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17/04/2018

Appeal: Dock restaurants scheme outweighs houseboat owner’s human rights

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Bristol Docklands / iStock: 697093542

Plans to restore two historic waterside docking sheds in Bristol as restaurants can go ahead after an inspector backed the council in its attempts to relocate a nearby houseboat against the will of its owner.

LOCATIONOld City, Bristol
AUTHORITYBristol City Council
INSPECTORNeil Pope
PROCEDUREWritten submissions
DECISIONAllowed
REFERENCEAPP/Z0116/W/17/3180440

The appeal concerned two former transit sheds in Bristol's Old City area, positioned on a section of listed harbour wall along the dockside. The sheds were built in the mid-20th century, but the harbour wall dates to the 13th century, an “important remnant of Bristol’s maritime history”. The site sits within the City & Queen Square conservation area, and is adjacent to the Redcliffe conservation area.

The appellant sought permission to restore the sheds using traditional materials to form three restaurant units. Cantilevered decking would also be added to the harbour wall to create an outdoor seating area suspended over the water. 

The decking portion of the scheme would involve alteration works to part of the listed harbour wall. Inspector Neil Pope considered that this would amount to less than substantial harm to be weighed against any public benefits. 

He noted that the scheme would secure the reuse and restoration of vacant buildings, the proposed outdoor seating area would allow diners to “better appreciate the historic waterside features” of the area, and the “thoughtfully considered design” would improve the character of the area, adding vibrancy and interest. These benefits were afforded greater weight than the harm to the harbour wall.

The site sits within a designated cumulative impact area, where businesses that intend to open in the evening will not be permitted unless it can be shown that they would not cumulatively impact on residential living conditions. The policy allows for discretion in determining “family-friendly” applications, however.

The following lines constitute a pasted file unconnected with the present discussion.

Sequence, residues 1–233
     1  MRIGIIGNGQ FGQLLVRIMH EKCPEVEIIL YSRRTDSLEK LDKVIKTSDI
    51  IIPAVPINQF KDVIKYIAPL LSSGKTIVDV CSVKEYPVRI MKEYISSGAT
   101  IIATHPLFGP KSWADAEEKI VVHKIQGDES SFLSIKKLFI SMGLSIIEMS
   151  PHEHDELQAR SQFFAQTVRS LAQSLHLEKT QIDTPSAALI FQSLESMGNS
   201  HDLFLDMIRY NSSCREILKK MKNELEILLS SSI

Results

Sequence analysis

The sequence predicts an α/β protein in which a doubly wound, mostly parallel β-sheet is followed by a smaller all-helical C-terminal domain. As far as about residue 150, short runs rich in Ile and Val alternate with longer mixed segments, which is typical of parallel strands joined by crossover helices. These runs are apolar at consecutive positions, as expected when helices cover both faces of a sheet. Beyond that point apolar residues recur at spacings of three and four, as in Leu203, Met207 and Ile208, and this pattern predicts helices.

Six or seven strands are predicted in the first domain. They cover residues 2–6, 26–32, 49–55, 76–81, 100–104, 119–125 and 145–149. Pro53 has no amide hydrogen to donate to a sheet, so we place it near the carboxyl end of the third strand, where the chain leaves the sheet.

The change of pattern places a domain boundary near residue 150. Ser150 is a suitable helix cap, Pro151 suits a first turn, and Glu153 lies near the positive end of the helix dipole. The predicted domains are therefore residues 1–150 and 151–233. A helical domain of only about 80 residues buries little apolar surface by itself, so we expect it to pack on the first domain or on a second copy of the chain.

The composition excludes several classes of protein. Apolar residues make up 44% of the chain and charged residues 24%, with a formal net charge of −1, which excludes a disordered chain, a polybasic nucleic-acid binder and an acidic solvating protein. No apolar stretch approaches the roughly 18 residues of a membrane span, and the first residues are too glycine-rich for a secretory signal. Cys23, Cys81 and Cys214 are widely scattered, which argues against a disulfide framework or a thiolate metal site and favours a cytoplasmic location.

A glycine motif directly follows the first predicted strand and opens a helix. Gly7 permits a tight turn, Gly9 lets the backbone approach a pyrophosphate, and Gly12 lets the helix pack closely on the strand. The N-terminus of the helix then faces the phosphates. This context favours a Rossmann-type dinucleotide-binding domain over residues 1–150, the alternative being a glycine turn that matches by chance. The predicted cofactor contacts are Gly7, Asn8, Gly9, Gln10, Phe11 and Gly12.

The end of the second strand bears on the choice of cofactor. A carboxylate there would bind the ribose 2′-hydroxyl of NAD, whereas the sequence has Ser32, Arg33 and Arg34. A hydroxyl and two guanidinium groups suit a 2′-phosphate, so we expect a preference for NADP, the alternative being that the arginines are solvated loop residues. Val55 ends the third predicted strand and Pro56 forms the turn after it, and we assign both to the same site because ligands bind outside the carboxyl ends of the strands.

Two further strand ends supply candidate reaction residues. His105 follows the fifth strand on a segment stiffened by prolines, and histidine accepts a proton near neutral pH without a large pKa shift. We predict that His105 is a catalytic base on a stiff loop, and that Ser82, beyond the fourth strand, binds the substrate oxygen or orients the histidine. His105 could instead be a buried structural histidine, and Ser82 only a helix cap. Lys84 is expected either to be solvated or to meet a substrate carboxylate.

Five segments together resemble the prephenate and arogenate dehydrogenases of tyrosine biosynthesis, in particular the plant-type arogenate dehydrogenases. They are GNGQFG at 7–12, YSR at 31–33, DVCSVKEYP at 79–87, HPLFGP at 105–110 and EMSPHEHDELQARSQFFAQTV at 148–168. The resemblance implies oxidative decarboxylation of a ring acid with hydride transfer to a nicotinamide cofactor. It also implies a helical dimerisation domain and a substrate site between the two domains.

The appellant argued that the restaurants would place an emphasis on food rather than late-night drinking. Pope considered that although the scheme would increase noise and activity in the area, some disturbance during the evening “is to be expected” when living in a city centre location.

A houseboat, the Ebenhaezer, is docked along the harbour wall close to the proposed decking. Considering that its occupants would be unacceptably disrupted by the planned outdoor seating if the appeal were allowed, the council sought a negatively worded condition enforcing the houseboat’s removal before works start. It indicated that it was exploring a number of options to facilitate the boat’s relocation, including court action.

The owner indicated that she has lived on the site for more than 21 years with no desire to move, and to remove the boat would interfere with her human rights. Although he acknowledged the “stress and anxiety” caused by attempts to move the family, Pope considered the council’s actions justified in light of the scheme’s public benefits.

In his conclusion, Pope stated that he had “not set aside lightly” the extensive local opposition to the scheme. However, after finding that the scheme would accord with the development plan as a whole, he allowed the appeal.

In a separate decision, Pope ordered an award of costs against the council for producing insufficient evidence to support its stance that the scheme’s benefits did not outweigh its adverse effects.

The inspector‘s decision – case reference 3180440 – can be read here.

Image credit | iStock

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